If Disney / Pixar decides to blame Lightyear’s disappointing box office numbers on the LGBTQ + character, it could cause trouble for future films.
The poor box office return of Disney / Pixar’s Lightyear creates a major question around how the studio might make an example of the film. Despite the legacy of its predecessors, the not-quite-prequel did not seem to interest what should have been its largest viewership: the adults who grew up with the original Toy Story movies. Considering that Lightyear contains some of the studio’s strongest depictions of LGBTQ + relationships with Commander Alisha Hawthorn and her wife, its poor numbers — and the unsurprising backlash to that aspect — could leave future Pixar films with queer storylines in flux.
The lesbian relationship in Lightyear is not actually the first depiction in the Toy Story series. There’s a split second in Toy Story 4 where a child and their lesbian moms are seen outside of Bonnie’s school. As the film did not linger on these characters, it was something viewers could have missed entirely. But, even with such a brief appearance, eagle-eyed audience members caught it — and so the backlash began. Conservative groups called for a boycott of the film, while some in the LGBTQ + community felt it was not enough representation. Luckily for Disney / Pixar, these reactions did nothing to stop the film from becoming the second-highest-grossing film for the studio (after The Incredibles 2). So, there was not yet a financial deterrent for including further, or even expanded, depictions of LGBTQ + characters.
Still, Lightyear already had a tough job ahead of it. As with any beloved franchise, whether audiences will accept a new entry is a toss of a coin, and the Toy Story series is the flagship for Pixar Studios. Taking such a sideways approach for a film about a major character — wherein this is the in-universe film that made Tim Allen’s Buzz a toy in the first place — was truly a risk that did not pay off. Studios often look for a scapegoat after a commercial failure, and rather than reevaluating the decision to make this film in the first place, it’s possible Pixar will decide that portraying Alisha and her wife was the wrong call.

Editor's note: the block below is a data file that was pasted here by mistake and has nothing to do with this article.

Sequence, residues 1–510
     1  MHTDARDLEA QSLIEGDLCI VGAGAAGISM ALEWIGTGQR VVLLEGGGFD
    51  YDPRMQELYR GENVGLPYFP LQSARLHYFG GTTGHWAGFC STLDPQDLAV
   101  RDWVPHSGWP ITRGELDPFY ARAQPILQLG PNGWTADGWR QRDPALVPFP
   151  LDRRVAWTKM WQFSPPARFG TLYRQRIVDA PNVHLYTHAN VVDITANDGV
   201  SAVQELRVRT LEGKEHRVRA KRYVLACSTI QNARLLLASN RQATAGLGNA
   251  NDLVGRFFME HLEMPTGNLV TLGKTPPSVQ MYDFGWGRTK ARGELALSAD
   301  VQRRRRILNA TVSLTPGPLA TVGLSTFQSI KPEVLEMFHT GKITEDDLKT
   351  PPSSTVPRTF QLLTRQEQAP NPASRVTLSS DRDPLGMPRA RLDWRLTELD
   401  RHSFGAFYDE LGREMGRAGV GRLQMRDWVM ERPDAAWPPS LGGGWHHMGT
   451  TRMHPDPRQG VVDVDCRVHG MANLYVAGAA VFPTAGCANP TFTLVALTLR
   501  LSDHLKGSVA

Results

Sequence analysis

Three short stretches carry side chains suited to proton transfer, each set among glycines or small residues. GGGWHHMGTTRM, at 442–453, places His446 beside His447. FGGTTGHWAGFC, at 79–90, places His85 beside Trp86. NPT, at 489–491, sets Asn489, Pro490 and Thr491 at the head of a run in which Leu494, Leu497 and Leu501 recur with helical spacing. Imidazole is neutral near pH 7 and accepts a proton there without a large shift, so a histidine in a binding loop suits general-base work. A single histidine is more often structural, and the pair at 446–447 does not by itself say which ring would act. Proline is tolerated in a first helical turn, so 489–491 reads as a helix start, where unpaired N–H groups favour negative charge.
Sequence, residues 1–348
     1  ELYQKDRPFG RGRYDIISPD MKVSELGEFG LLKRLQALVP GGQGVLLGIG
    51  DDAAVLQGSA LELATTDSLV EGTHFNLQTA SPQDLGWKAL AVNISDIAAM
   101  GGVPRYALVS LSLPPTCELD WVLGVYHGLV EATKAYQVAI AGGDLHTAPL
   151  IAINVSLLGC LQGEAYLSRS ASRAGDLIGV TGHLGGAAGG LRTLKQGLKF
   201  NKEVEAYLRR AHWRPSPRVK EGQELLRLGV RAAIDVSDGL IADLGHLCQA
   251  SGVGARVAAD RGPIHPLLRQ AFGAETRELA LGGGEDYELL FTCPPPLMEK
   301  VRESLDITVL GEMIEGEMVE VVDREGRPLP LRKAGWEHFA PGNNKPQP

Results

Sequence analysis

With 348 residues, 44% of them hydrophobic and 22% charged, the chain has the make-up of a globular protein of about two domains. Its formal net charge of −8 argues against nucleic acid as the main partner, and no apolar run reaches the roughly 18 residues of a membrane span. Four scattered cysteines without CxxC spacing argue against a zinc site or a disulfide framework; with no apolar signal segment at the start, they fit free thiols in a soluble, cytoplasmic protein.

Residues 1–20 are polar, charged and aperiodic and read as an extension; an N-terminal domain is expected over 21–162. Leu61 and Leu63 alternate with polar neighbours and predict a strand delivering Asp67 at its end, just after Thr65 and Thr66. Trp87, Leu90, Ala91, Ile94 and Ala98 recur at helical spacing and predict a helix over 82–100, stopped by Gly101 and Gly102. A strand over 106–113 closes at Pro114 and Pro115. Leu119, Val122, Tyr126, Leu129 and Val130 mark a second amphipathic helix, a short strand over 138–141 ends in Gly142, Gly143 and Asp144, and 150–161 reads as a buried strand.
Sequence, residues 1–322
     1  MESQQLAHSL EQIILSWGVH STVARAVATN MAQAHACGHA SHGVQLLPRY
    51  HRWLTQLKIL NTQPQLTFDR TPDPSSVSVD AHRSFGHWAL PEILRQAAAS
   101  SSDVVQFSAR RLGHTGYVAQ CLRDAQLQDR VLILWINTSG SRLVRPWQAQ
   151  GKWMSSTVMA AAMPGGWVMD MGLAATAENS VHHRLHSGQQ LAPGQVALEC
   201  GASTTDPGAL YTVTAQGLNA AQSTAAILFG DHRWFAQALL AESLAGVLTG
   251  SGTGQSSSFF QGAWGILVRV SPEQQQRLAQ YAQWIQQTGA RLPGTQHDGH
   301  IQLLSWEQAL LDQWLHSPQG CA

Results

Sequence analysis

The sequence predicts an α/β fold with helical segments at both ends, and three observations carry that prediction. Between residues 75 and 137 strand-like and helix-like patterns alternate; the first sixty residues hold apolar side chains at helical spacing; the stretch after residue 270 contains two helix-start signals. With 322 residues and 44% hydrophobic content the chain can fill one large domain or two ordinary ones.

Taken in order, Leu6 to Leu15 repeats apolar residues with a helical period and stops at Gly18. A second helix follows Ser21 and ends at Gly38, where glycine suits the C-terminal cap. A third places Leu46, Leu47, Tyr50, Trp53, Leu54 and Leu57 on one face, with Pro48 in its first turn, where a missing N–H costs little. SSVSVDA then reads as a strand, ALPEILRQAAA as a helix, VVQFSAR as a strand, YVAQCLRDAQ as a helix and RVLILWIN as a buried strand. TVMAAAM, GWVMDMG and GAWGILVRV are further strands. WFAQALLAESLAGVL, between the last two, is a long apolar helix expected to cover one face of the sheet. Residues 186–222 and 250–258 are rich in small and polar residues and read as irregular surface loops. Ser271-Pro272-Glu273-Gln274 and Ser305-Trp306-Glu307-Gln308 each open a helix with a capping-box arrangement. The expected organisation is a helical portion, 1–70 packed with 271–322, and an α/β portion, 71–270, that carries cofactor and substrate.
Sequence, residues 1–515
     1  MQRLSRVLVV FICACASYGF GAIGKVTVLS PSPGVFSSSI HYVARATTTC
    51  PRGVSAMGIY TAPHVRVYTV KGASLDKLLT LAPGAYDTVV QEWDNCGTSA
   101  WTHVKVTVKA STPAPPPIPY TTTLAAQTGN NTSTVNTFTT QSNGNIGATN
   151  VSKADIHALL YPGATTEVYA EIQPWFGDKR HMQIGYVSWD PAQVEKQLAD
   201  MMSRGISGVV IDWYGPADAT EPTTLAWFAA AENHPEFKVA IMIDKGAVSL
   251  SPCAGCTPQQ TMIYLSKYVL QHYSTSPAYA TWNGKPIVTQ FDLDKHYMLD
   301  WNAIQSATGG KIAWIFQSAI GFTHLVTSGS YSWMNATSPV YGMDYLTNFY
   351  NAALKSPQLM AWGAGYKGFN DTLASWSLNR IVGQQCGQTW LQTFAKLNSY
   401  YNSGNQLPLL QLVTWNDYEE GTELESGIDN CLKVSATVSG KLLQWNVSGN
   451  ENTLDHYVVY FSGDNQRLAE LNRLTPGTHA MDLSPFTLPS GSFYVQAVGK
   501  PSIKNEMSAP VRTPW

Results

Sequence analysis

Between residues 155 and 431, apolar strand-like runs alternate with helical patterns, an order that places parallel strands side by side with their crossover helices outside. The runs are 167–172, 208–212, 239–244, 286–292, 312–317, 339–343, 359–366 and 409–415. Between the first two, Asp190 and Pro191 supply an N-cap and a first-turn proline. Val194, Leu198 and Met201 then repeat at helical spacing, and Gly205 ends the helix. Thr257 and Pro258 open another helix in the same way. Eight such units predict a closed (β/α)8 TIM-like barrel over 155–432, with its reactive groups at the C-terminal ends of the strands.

Disney and its associated studios are no strangers to displaying this kind of overreaction. With the extreme fan backlash to new character Rose Tico in The Last Jediher role was significantly reduced in the following The Rise of Skywalker. (She’s in the film for barely more than a minute.) Disney’s also guilty of either overpromising — and therefore under-delivering — LGBTQ + representation or completely censoring it. From LeFou’s underwhelming gay moment in the 2017 Beauty and the Beast remake to Disney employees revealing in an open letter that many queer characters and storylines were cut from films, the studio is regularly disappointing its LGBTQ + viewers.
With this in mind, it’s unclear how Disney is going to treat future films. Even as the studio was working on Lightyear, it backed away from stronger LGBTQ + stories. Notably, when it acquired and subsequently shuttered Blue Sky Studios, Disney cut the cord on the animated adaptation of Nimona, a graphic novel with several queer themes. Still, it’s moving forward with other representations. At the Annecy International Animation Film Festival, a sneak peek for Walt Disney Animated Studios’ upcoming film Strange World depicted main character Ethan flirting with Diazo, another boy. This has led audiences to believe that Ethan will be openly gay. However, with little known about the film’s plot or how prominent Diazo’s character is, there’s no guarantee that Disney is finally committing to true representation. If it’s easy to remove without losing the film’s integrity, it’s possible that the Lightyear failure will tempt Disney to leave that plot on the cutting room floor.
The reaction to Lightyear—As well as past Pixar films like Luca and Onward—Certainly isn’t a motivator for Disney Studios’ approach to LGBTQ + representation in its films. But it should not be enough to condemn future depictions. If the studio can introduce prominent queer characters in strong stories, it’s more likely to see box office numbers to justify a legitimate commitment to this community of viewers.
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